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Ever woke up, looked at your other half and just felt a bit, erm... meh?
It's weird, because you obviously love them and last week you could barely keep your hands off them. But today, everything they do is annoying and you just don't find them *quite* as attractive. Savage, but true.
It's a strange phenomenon, but one that's based on science.
A new study, published in Biological Psychology, is the first to explore how a rise and fall in women's hormones affects their own psychology in terms of relationship satisfaction.
Researchers collected urine samples from 33 women for 15 days and tested the estradiol, progesterone, and testosterone levels.
All of the women were in heterosexual relationships that had lasted for at least four months, and none of them were taking hormonal contraception.
At the same time, they asked the women and their male partners to complete nightly surveys regarding their relationship, where they'd answer questions about relationship satisfaction, perceptions of their partner, physical attraction and other factors including their sex life, jealousy and personal wellbeing.
The researchers found that both women and their partners viewed the relationship more negatively on the days where women had higher estradiol levels. In addition, as estradiol increased, women found their partners less physically attractive.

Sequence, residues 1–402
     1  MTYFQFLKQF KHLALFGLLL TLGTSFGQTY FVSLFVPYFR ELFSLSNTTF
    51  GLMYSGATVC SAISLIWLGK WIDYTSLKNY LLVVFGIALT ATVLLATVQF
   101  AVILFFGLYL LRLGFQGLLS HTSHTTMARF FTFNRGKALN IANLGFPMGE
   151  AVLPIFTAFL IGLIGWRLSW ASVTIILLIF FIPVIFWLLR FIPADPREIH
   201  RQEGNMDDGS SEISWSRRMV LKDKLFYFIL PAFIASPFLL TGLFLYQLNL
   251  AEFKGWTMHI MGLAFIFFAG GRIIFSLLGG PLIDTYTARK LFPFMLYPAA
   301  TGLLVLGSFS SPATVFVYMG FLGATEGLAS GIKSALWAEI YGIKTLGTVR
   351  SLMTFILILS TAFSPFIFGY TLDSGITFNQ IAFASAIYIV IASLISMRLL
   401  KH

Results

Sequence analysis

"Hormones have an under-appreciated effect on behaviors. This is true for men and women, just as it's true for animals of other species," said lead author Francesca Righetti, an associate professor at Vrije University in Amsterdam.
"Researchers have begun to explore how the hormonal variations that naturally and reliably occur across the ovulatory cycle - specifically, variation in the hormones estradiol and progesterone - affect how women think and feel."
"But less work has examined how variation in hormones affect both members of a relationship. Given our interests in romantic relationships, we aimed to better understand what aspects of romantic relationships vary as a function of these hormones, and which do not."
Of course there are some limitations to the study (for one, the researcher's sample was relatively small) but it certainly gives some exciting insights - and explanations - into exactly why you're sometimes feeling a little off.
Lads, may the estradiol Gods be with you.
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